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Mar 18, 2019 7:35 PM
a Margaret in Whateley
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Whatever condition Margaret has, it isn’t pretty. The doctors give her six months to a year, but she can tell they’re just guessing.


She’s still in school, though, taking everything except gym. You never know, after all, there might be a miracle, she might make it from sophomore year to senior and die a high school graduate instead of a high school dropout. Anyway, she needs something to do other than think about it.


The school does know, of course, even if the other students think she’s just tired all the time. So when she drags herself to the nurse in the middle of English with a fever of a hundred and three, the nurse doesn’t hesitate to call her father and her father doesn’t hesitate to come and take her to the doctor.

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The doctor makes it clear that he appreciates their vigilance, because there are definitely circumstances under which this could be very dangerous. However, this is as far as he can tell a perfectly normal fever, so he sends her home to get fluids and rest.

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Rest sounds like a good plan. Margaret rides most of the way home with her eyes shut. On the way, her father realizes he's left his wallet at his work.

"I'm just going to swing by the garage real fast and look for it, okay? You can wait in the car."

"Mhmm. That's fine."

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The fever's been receding unusually fast through the car ride, and by the time she's shut in the car, Margaret is completely lucid. She's covered in sweat, but that's to be expected.

Her reflection in the mirror might catch her eye, once she opens them, because her eyes are now electric blue. That's much less to be expected.

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That's definitely weird, but at least it isn't actively awful like every other suprise her body's given her lately. This car is not really the best place to be covered in sweat; she thinks she'll get out and walk around a bit.

She's always loved her dad's auto shop; the smell of oil and metal, the cars in various stages of damage and repair, the neatly laid-out tools. But this time stepping in there is different. The cars are still there, but they're even more interesting. This one with its hood open, for example, clearly has a problem with its torque converter. Might as well save her dad some time and patch it up. That one over there has a pair of wires rubbing together that shouldn't be; yank and replace and that silly lying Check Engine light won't go on anymore.

This is fun. It would be even more fun if her hands weren't so weak. Those hydraulics in the good-for-nothing pile aren't good enough for a car anymore, it's true, but they'll make a workable arm brace, lend her some of the strength and steadiness that have been draining out of her all year. She just needs a couple of these cams to set up a negative feedback system so it will amplify but not over-amplify her motions . . . yes, that's much improved.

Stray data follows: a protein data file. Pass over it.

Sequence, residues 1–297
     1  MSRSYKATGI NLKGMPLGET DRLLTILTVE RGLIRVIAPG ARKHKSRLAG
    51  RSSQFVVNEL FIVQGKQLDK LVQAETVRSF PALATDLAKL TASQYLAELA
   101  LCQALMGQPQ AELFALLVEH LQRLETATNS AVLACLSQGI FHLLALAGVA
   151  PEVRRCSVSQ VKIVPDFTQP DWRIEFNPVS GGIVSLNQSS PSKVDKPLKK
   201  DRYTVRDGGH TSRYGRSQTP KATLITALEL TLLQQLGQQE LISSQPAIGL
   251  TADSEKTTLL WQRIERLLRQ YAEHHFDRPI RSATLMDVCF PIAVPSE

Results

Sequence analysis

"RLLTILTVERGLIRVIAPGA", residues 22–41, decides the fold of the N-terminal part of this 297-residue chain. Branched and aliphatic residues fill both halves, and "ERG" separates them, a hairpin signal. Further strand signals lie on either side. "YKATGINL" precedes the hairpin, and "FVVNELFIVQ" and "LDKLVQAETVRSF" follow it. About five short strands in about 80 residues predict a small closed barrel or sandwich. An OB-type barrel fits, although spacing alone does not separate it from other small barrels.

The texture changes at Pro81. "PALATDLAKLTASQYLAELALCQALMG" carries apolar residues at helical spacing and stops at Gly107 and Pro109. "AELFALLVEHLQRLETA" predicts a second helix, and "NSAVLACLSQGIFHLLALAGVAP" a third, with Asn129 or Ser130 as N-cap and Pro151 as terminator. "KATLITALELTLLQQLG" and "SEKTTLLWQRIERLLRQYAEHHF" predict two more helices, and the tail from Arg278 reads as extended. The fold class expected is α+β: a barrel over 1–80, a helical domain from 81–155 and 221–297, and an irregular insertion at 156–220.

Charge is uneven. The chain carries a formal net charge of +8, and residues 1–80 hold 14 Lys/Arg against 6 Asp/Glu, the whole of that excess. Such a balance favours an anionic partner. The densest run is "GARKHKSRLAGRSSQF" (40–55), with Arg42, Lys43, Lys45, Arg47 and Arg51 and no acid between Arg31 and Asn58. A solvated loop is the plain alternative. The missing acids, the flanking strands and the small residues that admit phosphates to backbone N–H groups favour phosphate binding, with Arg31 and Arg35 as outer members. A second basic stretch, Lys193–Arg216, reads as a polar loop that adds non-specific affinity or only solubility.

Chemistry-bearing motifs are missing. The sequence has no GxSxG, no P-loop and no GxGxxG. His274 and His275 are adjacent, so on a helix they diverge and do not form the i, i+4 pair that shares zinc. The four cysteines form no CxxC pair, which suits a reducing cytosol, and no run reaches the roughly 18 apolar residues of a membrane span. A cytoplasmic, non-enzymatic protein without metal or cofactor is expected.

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At this point she's interrupted by her father, who has found his wallet and is glad to see her looking so energetic until he sees her eyes.

"What. What even. Your eyes are blue, they were brown a minute ago, this isn't normal. We're going back to that doctor and if he says "rest and fluids" again we're going to the emergency room. I don't know if this is your condition or something else but I don't like it."

Her vague protests that she feels as good as ever, kind of excellent actually, get sensibly ignored, but he doesn't ask for the hydraulics back. She returns to the doctor with the exoskeleton piece still strapped to her arm.

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The doctor is very, very surprised. He runs a blood test, and when it's done, he looks at the results and sighs.

"Well, I've got bad news and... other news. The bad news is that you're still suffering from your condition, and your life expectancy has not improved. The other news is, well... you appear to be a mutant. Based on the, um, symptoms, I'd say you're either a gadgeteer or devisor - one of the inventor-types. I don't really know what to say to this, and frankly bedside manner has never been my strong point, but... make the best of the time you have, I suppose."

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John Perry sighs. "It could be worse. I guess this doesn't change anything, really. We can get you a pair of contacts, at least get your eyes looking alright."

"But dad, I can use this! I can make things that will help me function better."

"Do you need crutches? We can get you crutches."

 

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The doctor can get them crutches.

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Margaret will take the crutches. They're structural metal, and that's a nice thing to have. She'll take the brown contacts, if it will make her parents feel better. She'll also start making plans, because clearly nobody else is going to.